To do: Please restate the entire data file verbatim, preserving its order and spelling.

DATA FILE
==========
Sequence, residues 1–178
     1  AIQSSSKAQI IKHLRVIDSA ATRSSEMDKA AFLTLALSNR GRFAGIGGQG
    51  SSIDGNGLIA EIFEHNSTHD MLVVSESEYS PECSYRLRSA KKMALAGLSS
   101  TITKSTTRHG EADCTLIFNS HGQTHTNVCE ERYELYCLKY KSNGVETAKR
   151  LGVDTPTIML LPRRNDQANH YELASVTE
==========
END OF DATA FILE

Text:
Sequence, residues 1–178
     1  AIQSSSKAQI IKHLRVIDSA ATRSSEMDKA AFLTLALSNR GRFAGIGGQG
    51  SSIDGNGLIA EIFEHNSTHD MLVVSESEYS PECSYRLRSA KKMALAGLSS
   101  TITKSTTRHG EADCTLIFNS HGQTHTNVCE ERYELYCLKY KSNGVETAKR
   151  LGVDTPTIML LPRRNDQANH YELASVTE